Wastewater surveys could be ‘canary in a coal mine,’ aid in early detection of increased spread of COVID-19

Aug 19, 2020

Coronavirus testing is often easier said than done.

For starters, it requires an individual to seek out tests of their own volition, perhaps because they are experiencing the flu-like symptoms associated with COVID-19 or have come into close contact with someone who has tested positive for the virus. It’s then on the testing infrastructure — private companies and public health labs — to process those samples and turn around results as quickly as possible to report to patients and local health authorities.

It’s a process that can be fraught with human error and prone to delays at multiple points in the process. But it’s not the only way to monitor COVID-19 in the community.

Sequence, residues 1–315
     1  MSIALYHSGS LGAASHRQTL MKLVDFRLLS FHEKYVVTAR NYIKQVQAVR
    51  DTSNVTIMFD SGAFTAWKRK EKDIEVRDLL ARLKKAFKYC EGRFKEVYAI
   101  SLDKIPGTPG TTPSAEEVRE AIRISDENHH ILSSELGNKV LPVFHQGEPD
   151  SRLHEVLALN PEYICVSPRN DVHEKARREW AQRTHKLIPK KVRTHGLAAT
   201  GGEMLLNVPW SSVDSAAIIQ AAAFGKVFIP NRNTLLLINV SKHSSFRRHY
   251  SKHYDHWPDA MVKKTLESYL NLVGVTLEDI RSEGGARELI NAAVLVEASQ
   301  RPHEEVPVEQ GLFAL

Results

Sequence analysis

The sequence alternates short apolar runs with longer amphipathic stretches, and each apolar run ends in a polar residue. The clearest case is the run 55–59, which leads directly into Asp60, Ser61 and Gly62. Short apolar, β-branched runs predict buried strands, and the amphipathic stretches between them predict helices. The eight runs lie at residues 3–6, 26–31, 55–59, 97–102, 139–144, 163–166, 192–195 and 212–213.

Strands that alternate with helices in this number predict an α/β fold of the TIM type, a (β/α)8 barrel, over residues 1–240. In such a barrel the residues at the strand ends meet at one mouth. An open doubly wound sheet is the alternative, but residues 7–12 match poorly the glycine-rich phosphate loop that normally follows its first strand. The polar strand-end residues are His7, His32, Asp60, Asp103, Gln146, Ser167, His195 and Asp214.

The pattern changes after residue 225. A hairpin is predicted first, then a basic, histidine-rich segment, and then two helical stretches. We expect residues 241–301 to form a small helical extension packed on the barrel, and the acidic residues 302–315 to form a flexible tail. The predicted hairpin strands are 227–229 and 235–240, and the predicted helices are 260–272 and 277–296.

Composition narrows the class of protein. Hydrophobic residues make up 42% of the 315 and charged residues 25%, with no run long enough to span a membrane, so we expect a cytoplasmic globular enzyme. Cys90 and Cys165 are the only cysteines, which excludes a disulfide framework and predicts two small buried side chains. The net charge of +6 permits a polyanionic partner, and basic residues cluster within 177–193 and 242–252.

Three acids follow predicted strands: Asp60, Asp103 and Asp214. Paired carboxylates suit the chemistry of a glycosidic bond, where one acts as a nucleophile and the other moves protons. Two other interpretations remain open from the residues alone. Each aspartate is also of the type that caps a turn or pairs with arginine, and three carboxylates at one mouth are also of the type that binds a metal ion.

Municipalities across the state, from Las Vegas to Elko, have been for the last few months sampling and testing wastewater in an effort to better understand the prevalence of COVID-19 in their communities. Where clinical testing may miss asymptomatic individuals who never seek out testing, wastewater surveys offer a broad picture of all the individuals in a community who are actively shedding the virus.

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